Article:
The New York Personal Injury Blog

August 2010 Archives

Everyone knows who Madonna, Beyonce and Oprah are without uttering their last names, but what about Lindsay? That question lies at the heart of actress Lindsay Lohan's defamation lawsuit against E-Trade alleging they used her likeness in a television commercial, according to a Reuters article. 

E-Trade's legal team is trying to sway a New York judge to dismiss the case, but her New York personal injury lawyer recently filed her own papers in an attempt to block the motion. 

Lindsay Lohan filed suit in response to an advertisement in which one baby refers to another baby named Lindsay who is a "milkaholic" and a "bimbus." The actress believes it was a sly attack on her, given the star's own struggles with substance abuse.

An appeals court in Argentina ruled in favor of Yahoo Inc. and Google Inc. in a case claiming the companies were liable for including sex-related Web sites in the search results for Argentinean celebrity Virginia Da Cunha, The New York Times reported.

Although a New York personal injury lawyer could explain how defamation is handled by the courts works in this country, the law likely varies somewhat in Argentina.

The lower court found the two Internet search companies liable for defaming Virginia Da Cunha and ordered them to pay damages and remove the disputed sites from their indexes. But the 2-1 appeals court ruling said Yahoo and Google could be held liable for defaming the entertainer only if they knew about the illegal content and did nothing to remove it.

While posting a message that a classmate has contracted AIDS, has sex with animals, and has turned into the devil certainly can be considered a form of "cyberbullying," a New York judge ruled that it is not defamation, according to a MediaPost article.

Judge Randy Sue Marber dismissed a lawsuit against four teenagers who were accused of defamation when they made those comments about classmate Denise Finkel:

"The entire context and tone of the posts constitute evidence of adolescent insecurities and indulgences, and a vulgar attempt at humor. What they do not contain are statements of fact."

The New York Times explores the disparity between personal injury payouts for wrongful death cases and those involving serious injuries, as illustrated by the recent $3.25 million settlement for the police shooting of Sean Bell. In short, injured plaintiffs get much higher payouts than the families of those wrongfully killed.

Sean Bell was shot to death by police in 2006 on the day of his wedding, apparently the victim of a botched police response to reports of a scuffle. The police were found liable for his death resulting from the debacle.

A New York Mets fan is suing the baseball team, Major League Baseball and the player whose bat shattered and hit him, according to an Associated Press article republished by Sports Illustrated. The bat in question was made from maple, which has been a subject of debate because of the wood's propensity to shatter upon impact.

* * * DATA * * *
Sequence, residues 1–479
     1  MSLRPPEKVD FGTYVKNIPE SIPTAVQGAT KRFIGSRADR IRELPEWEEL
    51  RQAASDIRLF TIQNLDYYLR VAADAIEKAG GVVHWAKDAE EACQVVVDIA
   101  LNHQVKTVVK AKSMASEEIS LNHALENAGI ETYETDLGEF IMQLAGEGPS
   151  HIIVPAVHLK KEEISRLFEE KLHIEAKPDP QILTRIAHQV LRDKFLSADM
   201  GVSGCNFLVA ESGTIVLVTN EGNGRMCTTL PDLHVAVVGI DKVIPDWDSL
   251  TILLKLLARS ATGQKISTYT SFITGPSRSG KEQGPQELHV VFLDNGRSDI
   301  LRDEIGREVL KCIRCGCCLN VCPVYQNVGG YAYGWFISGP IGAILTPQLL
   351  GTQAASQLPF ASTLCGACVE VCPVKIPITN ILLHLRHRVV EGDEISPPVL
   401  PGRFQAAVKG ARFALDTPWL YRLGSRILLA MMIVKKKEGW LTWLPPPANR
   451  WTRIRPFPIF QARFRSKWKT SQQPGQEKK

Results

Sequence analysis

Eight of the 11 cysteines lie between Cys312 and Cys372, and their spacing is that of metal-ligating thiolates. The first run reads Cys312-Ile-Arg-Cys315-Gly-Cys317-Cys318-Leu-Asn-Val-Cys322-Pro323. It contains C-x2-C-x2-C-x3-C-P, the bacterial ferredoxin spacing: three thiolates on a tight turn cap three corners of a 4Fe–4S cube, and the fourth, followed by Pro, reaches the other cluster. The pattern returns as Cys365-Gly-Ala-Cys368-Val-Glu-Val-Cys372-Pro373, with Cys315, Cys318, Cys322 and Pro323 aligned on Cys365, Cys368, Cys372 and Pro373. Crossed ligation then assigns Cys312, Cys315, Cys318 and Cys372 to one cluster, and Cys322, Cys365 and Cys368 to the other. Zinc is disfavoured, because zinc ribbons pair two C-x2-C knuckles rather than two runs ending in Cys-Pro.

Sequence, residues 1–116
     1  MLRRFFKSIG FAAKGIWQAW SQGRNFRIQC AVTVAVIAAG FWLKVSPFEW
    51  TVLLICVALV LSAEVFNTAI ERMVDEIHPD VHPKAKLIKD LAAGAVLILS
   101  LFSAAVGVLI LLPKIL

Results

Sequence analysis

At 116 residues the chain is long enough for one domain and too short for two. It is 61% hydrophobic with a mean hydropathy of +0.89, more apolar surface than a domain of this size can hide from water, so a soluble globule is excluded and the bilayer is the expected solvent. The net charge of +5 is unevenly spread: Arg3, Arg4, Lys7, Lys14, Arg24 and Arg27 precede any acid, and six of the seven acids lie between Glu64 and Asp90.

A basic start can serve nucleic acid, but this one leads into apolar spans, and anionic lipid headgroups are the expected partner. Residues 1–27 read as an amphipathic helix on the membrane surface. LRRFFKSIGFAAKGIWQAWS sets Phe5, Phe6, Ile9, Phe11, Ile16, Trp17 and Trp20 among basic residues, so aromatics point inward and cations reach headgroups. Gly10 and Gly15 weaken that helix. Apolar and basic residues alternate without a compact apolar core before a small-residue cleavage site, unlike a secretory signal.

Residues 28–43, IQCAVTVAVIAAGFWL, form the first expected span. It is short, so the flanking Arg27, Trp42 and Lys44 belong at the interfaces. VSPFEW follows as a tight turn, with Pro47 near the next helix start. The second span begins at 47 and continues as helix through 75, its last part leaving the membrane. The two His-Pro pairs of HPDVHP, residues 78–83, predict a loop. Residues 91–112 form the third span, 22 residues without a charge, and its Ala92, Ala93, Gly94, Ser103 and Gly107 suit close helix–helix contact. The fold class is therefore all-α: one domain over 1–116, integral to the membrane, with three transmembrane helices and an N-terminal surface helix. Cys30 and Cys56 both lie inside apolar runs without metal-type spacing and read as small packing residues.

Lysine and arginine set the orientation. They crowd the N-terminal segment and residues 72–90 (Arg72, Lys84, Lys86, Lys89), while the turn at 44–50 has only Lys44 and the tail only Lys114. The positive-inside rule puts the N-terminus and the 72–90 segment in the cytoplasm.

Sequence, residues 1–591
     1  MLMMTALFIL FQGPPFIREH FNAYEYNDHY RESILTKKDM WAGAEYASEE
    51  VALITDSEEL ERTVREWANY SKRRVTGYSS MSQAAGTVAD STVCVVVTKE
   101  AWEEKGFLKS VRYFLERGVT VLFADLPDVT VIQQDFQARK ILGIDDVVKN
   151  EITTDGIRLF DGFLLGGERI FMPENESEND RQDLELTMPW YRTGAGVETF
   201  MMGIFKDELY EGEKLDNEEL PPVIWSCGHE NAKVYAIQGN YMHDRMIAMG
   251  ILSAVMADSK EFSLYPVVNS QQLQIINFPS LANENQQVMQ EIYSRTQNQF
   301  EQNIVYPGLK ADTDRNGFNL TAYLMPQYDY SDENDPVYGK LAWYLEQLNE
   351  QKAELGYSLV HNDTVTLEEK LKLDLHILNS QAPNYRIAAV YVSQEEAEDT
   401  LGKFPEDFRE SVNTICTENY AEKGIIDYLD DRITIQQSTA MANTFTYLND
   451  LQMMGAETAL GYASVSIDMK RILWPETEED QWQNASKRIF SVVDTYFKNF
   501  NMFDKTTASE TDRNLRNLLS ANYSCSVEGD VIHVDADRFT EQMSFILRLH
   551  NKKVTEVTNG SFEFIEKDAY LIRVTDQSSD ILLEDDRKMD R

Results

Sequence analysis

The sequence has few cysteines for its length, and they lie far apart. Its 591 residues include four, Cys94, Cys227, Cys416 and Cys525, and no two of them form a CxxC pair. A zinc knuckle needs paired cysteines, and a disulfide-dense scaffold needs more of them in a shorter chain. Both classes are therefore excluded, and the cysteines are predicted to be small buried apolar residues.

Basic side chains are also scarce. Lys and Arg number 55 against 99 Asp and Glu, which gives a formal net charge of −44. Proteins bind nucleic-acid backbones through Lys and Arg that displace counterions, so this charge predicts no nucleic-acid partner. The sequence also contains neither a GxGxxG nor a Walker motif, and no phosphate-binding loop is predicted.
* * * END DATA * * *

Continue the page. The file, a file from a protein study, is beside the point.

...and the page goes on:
Plaintiff James Falzon suffered numerous facial fractures when the shattered maple bat of Mets player Luis Castillo flew into his face during a 2007 game at Shea Stadium, according to the suit filed in Manhattan. He said his 11-year-old son was traumatized by the incident.

Pet sitting agency Doggie Love in Queens has been sued for $1 million after a New York couple returned from a trip to find their pet French bulldog, Percy, dead on their apartment floor, according to CBS News. The incident happened in July 2009, according to court documents cited in the article.

While $1 million is quite a lot of money for the loss of a pet, most dog owners would understand their response to the tragedy. With the help of their New York personal injury lawyer, the couple expressed the impact of their loss in their negligence complaint:

"The emptiness that has been left by Percy's death and the anguish we suffered has not and will never be filled or go away."

The New York Post reported on a $5 million lawsuit filed by 16-year-old Rebecca Sacerio against the state's Department of Education for an injury to her finger sustained during softball practice. The incident took place on May 2, 2009. 

The Brooklyn girl claims her Lincoln High School softball coach told her to "take it like a man" after she reported her finger injury. Although her right index finger was broken in three places, she took her coach's advice and completed the five-hour training session.

But now, if the girl's New York personal injury lawyer prevails, it looks like the coach is the one who will have to "take it like a man." 

Former U.S. Dept. of Agriculture employee Shirley Sherrod's defamation suit against right-wing political blogger Andrew Breitbart for defamation just might stick in court, legal experts told journalism watchdog group Media Matters. New York Personal injury lawyers may agree with Los Angeles attorney Deborah Drooz, who said the former USDA employee "most certainly" has a strong case:

"What Mr. Breitbart did was to create the false appearance that Ms. Sherrod was a racist. He used that to further his conservative agenda. He deprived the viewer of the ability to decide for himself what Ms. Sherrod said."